You seen Chuck recently? He looks good. He’s serious about quitting this time. Ever since that last binge, he’s been serious. You know, the one he pawned his prosthetic leg to finance. You said he’d be clean after losing that leg in that car accident, but he proved you wrong, eh? But he’s serious now, he said so.

Still hard to believe Billy went, ain’t it? Even after we all saw him, saw that rocket made of junk and debris took off into the sky? No one thought it would, despite what Billy told us about super-dense material and reverse-gravity fields an all that other hoodoo he’d spout. But there it went, rocketing into the sky, out of Filt Street, out of Sporboro, out of the goddamn state and country and world.

Anyways, here’s the usual; you’re still one of the best customers here, even after what happened to your throat. It’s amazing you can get enemas to work like that for you. Bottoms up! Ha! See you next week! The wine’ll be restocked!

What was that joke about Billy…

Human Nature

The aroma of cooked vegetables filled Leba’s nostrils as she finished mixing the oils for the final touches of her dinner. All the guests had been waiting to taste her delicious mixture of carrots and lettuce with roots and peppers as spices. In fact, the whole of the community adored Leba for her talents at making their normal everyday meals into something exquisite.

Though, even as Leba prepared the courses, her sister Enias watched and listened as their guests of honor eagerly awaited her sisters’ well-prepared meal. They laughed and smiled as they readied themselved for the feast they were about to receive and many even went so far as to ignore Enias for the time being until their meals were to be served.

Jealously was a trait that indicated the annual shot wasn’t working and even though she knew this, Enias kept the idea from public. She had thought that the guests must have known, since they spent so much time around the two. If they knew, she mused, it must not be wrong.

Enias began to wonder why they had to eat with tongs. Every edge of the tongs perfectly sculpted to be as dull as could be, and yet she wondered what tool could be used to supplement them. The very idea that larger portions had to be torn by hand boggled her mind.

The sour sister sat watching the guests and the table lay out like a large slab of marble with its pretty silk dressings, and she began to wonder if there would ever be something else to consume, something else to appease their honored guests. Perhaps in the back of her mind, Enias wanted to be her sister this night. Though now she was getting impatient as time was going by and there was no response from the kitchen.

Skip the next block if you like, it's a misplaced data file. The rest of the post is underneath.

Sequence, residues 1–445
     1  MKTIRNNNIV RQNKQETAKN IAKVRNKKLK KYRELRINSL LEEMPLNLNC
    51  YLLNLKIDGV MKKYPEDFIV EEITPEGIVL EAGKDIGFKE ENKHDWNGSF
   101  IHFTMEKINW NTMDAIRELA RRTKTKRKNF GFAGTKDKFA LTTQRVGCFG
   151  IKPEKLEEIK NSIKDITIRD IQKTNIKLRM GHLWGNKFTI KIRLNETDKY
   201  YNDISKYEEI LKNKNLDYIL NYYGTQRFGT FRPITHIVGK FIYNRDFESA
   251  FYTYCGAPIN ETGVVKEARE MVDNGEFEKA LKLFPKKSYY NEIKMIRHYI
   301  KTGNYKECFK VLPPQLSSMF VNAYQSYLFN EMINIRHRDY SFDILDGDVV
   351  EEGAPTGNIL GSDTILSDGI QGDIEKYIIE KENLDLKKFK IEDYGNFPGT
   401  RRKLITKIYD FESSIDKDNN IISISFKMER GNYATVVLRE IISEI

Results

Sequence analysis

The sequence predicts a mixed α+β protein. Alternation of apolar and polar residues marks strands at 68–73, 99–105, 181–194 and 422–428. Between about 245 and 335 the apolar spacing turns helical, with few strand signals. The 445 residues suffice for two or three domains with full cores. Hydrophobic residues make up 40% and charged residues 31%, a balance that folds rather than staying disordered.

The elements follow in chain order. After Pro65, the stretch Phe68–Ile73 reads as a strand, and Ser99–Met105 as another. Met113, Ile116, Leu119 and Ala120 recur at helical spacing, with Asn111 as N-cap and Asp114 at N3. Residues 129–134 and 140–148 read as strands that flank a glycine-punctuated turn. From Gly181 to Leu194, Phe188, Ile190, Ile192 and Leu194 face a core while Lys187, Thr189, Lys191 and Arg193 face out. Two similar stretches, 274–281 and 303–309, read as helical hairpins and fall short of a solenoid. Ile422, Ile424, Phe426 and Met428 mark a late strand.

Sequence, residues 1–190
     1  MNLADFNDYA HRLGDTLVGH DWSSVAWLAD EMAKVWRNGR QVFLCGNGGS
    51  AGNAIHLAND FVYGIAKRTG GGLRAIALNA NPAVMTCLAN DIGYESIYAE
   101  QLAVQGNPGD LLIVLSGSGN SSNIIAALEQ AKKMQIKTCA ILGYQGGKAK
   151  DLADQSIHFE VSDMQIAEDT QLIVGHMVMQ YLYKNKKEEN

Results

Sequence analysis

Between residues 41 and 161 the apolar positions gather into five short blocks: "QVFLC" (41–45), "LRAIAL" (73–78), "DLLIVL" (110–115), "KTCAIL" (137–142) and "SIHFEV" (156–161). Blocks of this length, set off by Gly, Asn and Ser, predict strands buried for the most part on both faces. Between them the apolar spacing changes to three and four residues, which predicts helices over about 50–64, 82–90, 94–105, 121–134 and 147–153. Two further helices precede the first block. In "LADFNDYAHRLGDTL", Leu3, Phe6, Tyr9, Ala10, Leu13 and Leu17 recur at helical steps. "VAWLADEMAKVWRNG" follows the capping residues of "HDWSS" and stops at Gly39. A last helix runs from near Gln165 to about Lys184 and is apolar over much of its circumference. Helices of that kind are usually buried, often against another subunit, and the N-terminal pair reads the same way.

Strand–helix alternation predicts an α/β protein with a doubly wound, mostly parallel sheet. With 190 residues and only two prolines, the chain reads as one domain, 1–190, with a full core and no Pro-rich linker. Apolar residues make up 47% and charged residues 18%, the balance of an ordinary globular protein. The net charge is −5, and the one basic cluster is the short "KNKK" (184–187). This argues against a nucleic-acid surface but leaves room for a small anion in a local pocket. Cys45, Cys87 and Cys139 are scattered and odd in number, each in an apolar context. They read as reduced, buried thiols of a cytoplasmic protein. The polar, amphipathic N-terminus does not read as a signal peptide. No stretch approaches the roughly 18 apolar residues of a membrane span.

As the laughing and the carousing of their guests went on, Enias became agitated and impatient. She stood, excusing herself and made for the kitchen where she would politely remind her favored sister of the importance of pleasing their guests with punctuality and good offerings. She entered through the swinging doors to find her sister kneeling over what looked to be a broken tong. Her left hand gripped her right wrist as she looked on in sorrow and horror at the crimson fluid dripping down her finger.

Looking upon the scene, Enias’ eyes were transfixed upon the very wound inflicted by the shattered wood of the tongs. Her sister was holding back tears and all Enias could think of was the something trying to unleash itself from the back of her mind. She could not define it and yet it pushed harder, trying to break free as the blood flowed. Suddenly it all broke free, and Enias knew what her and her honored guests had been missing all along. She would impress them this night.

Dear John

Dear John,

I loved you John, I want you to understand that.

The Core wasn’t wrong to match us as marriage candidates; it just didn’t understand who you were really, the physical you. When we spoke and wrote and sent all those mad pictures over the Core – that was some other John. You used to write to me like a mad lover. You told me you would carry me though fire. You treated me like a partner, you told me you would always have my back, and that you could always trust me to have yours. I had compatibility with seventy-eight men over the Core, but none of them wrote like you, none of them sent the kind of beautiful pictures you did, or the songs you composed, or the mad videos you hacked together for me. No one was like you. That’s why I married you John, you were singular.